THIMI CERAMICS, A 25 year - experience.
The first glazed earthenware ceramics in Nepal began in 1987
- Founded in 1985, by Santa Bahadur Prajapati and his two sons Santa Kumar & Laxmi Kumar Prajapati.
- One of seven pioneering pottery workshops of Nepal
- Trained in Nepal, India, Thailand and USA.
- A first research place for electric potters wheel and oil-fired burner/kiln trials.
The first Nepali stoneware ceramics producer......from 2004....
THIMI CERAMICS is proud to be the first Stoneware ceramics producer of Nepal. Our father only knew unglazed traditional earthenware. In 1987 we began producing glazed earthenware, and in 2004 we began producing hard, waterproof stoneware after three years of research.
Santa and Laxmi Kumar have always believed strongly in preserving the tradition of pottery made by hand. The quality and aesthetics of ceramic goods created by hand on the potter's wheel cannot be matched by machine-produced wares and this conviction held by the brothers has brought much distinction to the pottery made at Thimi Ceramics. The rhythmic and delicate lines left by the potter's fingers as he pulls the clay up to form a bowl and the soft feeling of a hand-pulled cup handle that melds with the shape of one's fingers while holding the cup give a subtle feeling of delight to whomever uses the pot.
We currently employ twenty potters to produce our ceramic tableware and other household items.
How do we make?
- The basic material clay is dug from the rice fields.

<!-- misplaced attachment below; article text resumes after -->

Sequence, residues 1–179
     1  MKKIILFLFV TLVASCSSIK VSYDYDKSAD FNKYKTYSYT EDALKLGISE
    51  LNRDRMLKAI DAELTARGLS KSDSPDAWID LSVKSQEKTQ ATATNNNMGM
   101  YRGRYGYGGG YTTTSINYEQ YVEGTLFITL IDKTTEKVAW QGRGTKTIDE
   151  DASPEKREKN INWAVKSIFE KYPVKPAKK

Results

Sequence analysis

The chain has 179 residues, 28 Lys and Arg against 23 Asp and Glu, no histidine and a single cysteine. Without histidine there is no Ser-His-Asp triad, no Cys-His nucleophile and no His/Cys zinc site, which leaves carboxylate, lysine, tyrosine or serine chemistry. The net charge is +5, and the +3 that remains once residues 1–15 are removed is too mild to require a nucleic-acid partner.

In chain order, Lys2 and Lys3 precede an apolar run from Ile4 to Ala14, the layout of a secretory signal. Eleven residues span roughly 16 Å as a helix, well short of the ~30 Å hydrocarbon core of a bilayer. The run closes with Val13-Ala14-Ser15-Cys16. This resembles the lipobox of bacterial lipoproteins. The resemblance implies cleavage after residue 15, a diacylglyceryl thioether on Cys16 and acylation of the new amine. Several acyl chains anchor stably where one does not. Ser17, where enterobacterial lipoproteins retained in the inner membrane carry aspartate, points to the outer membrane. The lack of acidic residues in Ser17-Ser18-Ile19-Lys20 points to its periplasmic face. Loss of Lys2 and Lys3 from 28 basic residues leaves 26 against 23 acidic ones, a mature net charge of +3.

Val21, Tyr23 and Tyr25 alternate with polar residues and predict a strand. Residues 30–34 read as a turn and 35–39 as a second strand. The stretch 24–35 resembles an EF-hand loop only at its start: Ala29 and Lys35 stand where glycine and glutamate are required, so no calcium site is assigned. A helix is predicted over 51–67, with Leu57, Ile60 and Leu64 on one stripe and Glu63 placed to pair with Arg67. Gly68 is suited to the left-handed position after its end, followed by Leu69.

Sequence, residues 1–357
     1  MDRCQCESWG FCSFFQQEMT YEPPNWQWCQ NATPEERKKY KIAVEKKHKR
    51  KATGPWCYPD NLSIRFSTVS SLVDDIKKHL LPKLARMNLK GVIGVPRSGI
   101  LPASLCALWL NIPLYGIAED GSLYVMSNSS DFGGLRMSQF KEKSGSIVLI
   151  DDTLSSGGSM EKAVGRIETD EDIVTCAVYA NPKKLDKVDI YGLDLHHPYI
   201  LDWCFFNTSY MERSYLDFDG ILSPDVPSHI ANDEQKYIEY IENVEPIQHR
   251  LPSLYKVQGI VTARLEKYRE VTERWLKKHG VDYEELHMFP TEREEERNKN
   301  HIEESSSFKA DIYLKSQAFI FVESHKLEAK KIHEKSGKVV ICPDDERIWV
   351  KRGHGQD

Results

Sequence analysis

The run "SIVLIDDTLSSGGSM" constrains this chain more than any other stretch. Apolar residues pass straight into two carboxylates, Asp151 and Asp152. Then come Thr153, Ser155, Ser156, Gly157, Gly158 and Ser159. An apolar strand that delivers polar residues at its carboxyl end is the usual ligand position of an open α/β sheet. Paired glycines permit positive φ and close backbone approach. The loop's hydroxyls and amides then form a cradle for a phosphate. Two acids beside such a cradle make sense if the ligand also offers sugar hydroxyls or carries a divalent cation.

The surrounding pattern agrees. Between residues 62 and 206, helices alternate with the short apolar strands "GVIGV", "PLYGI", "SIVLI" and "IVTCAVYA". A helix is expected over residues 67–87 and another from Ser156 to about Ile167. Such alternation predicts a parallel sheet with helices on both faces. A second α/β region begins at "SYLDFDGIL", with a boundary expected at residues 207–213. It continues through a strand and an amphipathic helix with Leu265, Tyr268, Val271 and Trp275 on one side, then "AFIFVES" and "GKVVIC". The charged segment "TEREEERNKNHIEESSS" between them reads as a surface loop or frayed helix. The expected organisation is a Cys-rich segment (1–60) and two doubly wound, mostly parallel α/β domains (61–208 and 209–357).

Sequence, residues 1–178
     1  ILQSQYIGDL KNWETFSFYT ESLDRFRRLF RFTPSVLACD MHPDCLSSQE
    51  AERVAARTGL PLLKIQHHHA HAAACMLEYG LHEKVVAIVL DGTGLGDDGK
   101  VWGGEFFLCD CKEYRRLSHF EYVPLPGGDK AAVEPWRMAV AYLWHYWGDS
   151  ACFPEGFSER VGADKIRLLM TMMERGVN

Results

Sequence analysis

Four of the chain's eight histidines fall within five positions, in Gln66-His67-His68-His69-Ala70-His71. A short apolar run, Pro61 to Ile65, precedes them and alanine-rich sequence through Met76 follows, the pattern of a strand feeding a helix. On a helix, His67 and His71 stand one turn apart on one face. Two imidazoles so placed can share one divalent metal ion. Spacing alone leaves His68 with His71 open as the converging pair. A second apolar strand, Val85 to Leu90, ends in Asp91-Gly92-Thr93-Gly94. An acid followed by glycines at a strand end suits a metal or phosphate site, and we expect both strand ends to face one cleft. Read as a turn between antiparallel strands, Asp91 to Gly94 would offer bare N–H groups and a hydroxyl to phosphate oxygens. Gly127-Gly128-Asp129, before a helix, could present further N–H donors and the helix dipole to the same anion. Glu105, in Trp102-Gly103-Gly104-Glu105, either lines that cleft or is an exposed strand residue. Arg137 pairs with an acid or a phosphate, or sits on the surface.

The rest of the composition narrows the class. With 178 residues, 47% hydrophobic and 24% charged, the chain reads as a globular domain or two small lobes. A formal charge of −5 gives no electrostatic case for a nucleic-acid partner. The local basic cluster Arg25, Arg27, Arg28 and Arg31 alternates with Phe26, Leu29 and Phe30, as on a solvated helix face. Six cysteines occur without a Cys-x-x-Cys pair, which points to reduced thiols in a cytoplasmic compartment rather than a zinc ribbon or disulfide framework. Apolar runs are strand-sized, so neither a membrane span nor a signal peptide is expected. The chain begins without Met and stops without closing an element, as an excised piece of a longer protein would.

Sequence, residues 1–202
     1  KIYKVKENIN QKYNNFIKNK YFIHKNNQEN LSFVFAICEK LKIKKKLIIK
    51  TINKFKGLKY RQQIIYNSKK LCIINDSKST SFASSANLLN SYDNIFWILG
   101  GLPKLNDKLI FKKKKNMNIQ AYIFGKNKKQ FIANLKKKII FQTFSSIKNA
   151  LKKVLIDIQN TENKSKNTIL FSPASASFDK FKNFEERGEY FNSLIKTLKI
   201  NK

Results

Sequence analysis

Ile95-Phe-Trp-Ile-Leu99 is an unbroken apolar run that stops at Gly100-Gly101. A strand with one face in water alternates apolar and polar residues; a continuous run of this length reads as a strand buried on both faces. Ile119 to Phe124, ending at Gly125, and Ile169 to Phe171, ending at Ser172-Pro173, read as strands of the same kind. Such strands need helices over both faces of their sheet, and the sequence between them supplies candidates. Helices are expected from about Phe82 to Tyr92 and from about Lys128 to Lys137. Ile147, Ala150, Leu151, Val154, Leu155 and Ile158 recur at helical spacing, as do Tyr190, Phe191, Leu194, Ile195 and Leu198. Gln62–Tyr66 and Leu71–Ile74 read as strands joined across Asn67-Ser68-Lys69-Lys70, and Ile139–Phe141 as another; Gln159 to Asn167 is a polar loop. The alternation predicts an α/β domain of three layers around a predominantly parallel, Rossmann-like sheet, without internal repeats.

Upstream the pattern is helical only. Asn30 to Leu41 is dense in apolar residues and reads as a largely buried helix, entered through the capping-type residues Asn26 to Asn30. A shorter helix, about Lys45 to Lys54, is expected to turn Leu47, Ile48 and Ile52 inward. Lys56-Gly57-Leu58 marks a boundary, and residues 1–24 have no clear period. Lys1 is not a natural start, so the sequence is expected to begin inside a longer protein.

- The clay is mixed with water and other minerals to form soft, workable clay that undergoes further processing by blunging to thick liquid and sieving through mesh to remove bigger particles.
- Water is removed in a filter press and the clay is mixed in a pug mill.
- Clay extruded from the pug mill is then kneaded by hand.
- It is weighed according to the product and kneaded again into a ball shape.
- Then it is thrown into pots on the potters wheel or pressed into plaster molds.
- Household items made on the wheel include cups, bowls, plates, lamps, vases, tea and coffee pots, as well as flower pots.
- And products made from plaster molds include incense holders, foot scrubbers and many varieties of oval, triangular, square and abstract shaped dishes.
- After given desired shape and smooth finishing every item is thoroughly dried in the sun.
- Pots are then biscuit fired in the kiln to 800 °C.
- A glaze coat is applied and allowed to dry.
- Glazed pots are fired a second time to 1250 °C to become stoneware.